Kostelka, F. (2017) “Does Democratic Consolidation Lead to a Decline in Voter Turnout? Global Evidence Since 1939”, American Political Science Review 111 (4), 653-667. DOI: 10.1017/S0003055417000259
Conventional wisdom states that democratic consolidation generally has a negative effect on voter turnout because, as time passes after democratization, voters become disillusioned with democracy or abstain from the polls as electoral stakes have reduced. However, a closer look on all democratic consolidations between 1939 and 2015 reveals that turnout substantially declined only for half of the cases. For the other half, electoral participation only decreased marginally, remained stable, or even increased. The article aims at solving this puzzle.
Theoretically, the author posits three main sources of turnout decline. The first refers to the democratization context (“mobilizing mechanism”). In this regard, opposition-driven democratization or democratization taking place in electorally mobilized dictatorships yield extraordinary high turnout in the first democratic elections. But as time passes, these participation bonuses dissolve and turnout should recede. The second source of turnout decline is induced by the consolidation context (“demobilizing mechanism”). This mechanism reflects the negative effect of disenchantment on turnout following the phase of democratization. Additionally, the author hypothesizes that the magnitude of turnout decline with respect to the consolidation context is dependent on the economic performance of the new democratic regime. The third source depicts the baseline electoral participation (“standard voter turnout rate”) that is solely responsible for turnout decrease if the other two mechanisms are not at play. The standard voter turnout rate is a function of factors that in large part set turnout rates in established democracies and comprises common institutional, political, and socio-economic turnout predictors as well as voters’ individual characteristics. This function should be determined by the same factors in new democracies as in the rest of the democratic world. As there is a general decrease of electoral participation since the 1970s, similar processes are going on in established and new democracies.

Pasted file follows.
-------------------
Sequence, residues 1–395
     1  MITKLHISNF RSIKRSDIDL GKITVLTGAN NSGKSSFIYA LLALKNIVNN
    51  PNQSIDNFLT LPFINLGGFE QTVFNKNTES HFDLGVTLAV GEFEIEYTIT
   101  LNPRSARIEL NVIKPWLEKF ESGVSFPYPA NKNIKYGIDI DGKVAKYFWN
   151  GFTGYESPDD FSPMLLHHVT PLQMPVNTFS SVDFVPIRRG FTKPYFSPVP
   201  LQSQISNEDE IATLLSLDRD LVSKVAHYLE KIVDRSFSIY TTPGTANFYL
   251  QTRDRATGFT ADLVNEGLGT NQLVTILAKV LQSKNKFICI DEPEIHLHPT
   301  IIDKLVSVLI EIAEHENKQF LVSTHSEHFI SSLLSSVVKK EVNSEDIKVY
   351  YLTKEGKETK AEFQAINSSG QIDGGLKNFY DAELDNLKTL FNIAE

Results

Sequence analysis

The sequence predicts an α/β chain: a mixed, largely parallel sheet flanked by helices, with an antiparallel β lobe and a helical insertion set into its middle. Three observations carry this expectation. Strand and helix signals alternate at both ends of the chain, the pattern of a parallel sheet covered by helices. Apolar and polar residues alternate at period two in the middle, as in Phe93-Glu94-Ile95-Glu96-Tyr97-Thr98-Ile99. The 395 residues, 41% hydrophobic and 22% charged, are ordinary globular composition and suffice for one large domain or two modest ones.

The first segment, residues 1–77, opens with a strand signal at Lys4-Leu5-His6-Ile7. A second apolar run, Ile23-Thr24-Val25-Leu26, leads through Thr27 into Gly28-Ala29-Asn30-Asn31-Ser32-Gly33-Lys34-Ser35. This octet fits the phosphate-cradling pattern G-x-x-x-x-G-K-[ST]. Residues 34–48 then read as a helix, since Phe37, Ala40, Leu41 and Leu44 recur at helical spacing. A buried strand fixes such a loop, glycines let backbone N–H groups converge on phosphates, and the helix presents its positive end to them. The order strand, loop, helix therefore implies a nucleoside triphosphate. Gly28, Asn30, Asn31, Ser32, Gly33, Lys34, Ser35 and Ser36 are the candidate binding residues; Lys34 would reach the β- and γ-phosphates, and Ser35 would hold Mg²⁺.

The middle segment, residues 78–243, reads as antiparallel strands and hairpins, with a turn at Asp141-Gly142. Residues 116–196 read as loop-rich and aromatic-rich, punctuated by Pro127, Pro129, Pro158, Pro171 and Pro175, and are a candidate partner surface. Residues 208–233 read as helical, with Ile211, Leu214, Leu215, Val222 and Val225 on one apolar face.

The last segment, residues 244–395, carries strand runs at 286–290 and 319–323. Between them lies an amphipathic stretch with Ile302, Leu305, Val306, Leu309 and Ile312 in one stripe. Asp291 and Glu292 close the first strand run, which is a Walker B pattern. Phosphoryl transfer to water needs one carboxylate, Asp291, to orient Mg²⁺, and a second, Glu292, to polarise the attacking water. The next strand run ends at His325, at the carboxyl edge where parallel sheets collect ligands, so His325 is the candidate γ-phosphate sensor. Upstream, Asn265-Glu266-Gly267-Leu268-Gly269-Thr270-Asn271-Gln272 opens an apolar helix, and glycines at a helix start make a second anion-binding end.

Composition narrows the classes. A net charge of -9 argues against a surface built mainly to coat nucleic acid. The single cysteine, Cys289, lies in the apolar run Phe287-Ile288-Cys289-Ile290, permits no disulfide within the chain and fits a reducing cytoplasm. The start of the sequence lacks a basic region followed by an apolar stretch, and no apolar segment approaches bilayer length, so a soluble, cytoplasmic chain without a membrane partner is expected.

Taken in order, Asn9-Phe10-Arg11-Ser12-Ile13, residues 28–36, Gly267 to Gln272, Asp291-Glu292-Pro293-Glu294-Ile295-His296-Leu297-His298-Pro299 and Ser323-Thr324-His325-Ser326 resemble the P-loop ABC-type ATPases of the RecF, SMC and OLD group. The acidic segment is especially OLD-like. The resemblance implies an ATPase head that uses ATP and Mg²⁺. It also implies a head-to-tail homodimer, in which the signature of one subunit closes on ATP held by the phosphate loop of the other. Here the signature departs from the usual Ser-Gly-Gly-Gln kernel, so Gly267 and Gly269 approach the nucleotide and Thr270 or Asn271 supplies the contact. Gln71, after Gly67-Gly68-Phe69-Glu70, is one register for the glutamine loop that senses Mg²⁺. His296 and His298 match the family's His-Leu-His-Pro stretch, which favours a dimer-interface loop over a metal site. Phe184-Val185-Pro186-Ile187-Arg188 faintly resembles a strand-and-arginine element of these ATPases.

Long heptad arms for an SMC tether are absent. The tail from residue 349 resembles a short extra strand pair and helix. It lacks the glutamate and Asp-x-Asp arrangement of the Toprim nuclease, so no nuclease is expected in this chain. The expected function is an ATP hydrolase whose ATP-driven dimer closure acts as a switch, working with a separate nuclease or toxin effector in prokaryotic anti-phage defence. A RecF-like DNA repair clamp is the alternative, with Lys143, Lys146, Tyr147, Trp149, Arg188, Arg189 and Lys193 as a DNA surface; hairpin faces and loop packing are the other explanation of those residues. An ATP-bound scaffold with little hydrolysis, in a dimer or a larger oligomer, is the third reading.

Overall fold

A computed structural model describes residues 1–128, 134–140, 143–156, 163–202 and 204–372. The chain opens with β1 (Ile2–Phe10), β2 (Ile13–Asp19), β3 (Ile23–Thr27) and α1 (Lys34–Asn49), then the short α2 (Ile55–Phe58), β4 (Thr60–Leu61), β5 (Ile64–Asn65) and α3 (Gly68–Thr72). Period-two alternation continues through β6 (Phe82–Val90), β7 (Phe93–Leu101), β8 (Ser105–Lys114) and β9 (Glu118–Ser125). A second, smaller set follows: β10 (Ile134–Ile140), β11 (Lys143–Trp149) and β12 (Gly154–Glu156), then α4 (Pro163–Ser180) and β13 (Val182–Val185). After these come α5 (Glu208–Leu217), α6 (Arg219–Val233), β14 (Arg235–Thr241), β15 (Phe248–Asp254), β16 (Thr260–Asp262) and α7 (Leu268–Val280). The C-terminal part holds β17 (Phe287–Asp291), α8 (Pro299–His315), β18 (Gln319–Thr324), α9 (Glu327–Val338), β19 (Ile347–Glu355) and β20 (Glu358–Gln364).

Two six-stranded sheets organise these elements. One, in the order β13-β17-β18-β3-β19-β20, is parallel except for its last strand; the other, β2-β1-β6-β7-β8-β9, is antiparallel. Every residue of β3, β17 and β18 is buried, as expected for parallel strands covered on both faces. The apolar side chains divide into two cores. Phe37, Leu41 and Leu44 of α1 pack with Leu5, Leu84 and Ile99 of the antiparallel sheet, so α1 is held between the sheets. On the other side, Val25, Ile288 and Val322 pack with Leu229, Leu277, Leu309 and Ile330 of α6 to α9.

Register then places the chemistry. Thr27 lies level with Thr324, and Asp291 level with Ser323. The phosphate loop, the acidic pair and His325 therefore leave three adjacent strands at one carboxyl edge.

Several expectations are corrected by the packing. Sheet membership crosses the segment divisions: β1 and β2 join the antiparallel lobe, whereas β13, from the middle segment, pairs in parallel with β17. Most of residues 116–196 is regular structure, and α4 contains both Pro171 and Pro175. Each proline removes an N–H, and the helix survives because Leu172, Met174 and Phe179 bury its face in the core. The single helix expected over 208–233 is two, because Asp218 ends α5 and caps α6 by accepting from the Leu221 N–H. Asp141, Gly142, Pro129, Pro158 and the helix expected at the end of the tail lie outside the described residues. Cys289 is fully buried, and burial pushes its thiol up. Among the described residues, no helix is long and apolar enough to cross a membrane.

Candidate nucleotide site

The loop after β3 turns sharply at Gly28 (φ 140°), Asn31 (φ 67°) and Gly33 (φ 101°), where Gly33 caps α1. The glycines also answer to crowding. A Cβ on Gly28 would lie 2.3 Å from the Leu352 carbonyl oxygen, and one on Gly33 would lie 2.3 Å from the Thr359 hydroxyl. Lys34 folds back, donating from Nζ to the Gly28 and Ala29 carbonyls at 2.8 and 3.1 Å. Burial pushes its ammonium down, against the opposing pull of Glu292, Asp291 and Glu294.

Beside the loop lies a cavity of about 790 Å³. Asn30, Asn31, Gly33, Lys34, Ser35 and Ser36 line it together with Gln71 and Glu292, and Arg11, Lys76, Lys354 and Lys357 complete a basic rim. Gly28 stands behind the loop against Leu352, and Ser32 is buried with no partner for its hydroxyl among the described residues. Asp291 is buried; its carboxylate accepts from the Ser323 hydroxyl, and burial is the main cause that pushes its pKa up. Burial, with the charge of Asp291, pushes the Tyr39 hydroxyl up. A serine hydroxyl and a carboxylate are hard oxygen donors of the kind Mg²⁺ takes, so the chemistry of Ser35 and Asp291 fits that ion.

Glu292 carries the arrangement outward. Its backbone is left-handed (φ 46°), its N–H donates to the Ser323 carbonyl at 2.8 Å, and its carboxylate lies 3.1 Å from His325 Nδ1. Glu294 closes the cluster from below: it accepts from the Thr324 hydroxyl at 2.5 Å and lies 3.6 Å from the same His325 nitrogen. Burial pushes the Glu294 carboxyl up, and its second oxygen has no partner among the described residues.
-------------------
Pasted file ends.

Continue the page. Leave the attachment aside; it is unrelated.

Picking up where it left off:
The empirical analyses draw on data of 91 democratic transitions and 494 elections during the period of time from 1939 to 2015. The analyses confirm the hypothesized effects of the mobilizing mechanism. However, they do not find support for the hypothesized effects of the demobilizing mechanism. But the empirical models highlight a remarkable exception where the negative effect of disenchantment during democratic consolidation on turnout proves true: the post-Communist states. Only in those states electoral participation decreased below the standard voter turnout rate. It remains unclear, though, why these cases differ that significantly from the rest of the sample.
In summary, the article presents a comprehensive theoretical framework unifying different accounts in the literature on voting behavior and democratization. Furthermore, the empirical analyses are methodologically sound and the underlying database is literally global. I only wonder why the author tested democratic regime performance exclusively based on economic growth. Even if only the economic field is considered, there might be further crucial factors that should affect the evaluation of regime performance in new democracies, the labor market situation for instance. Potentially, such a socio-economic factor might have a comprehensive effect on turnout compared to the slightly abstract factor of economic growth.
Author: Julian Noseck in December 2017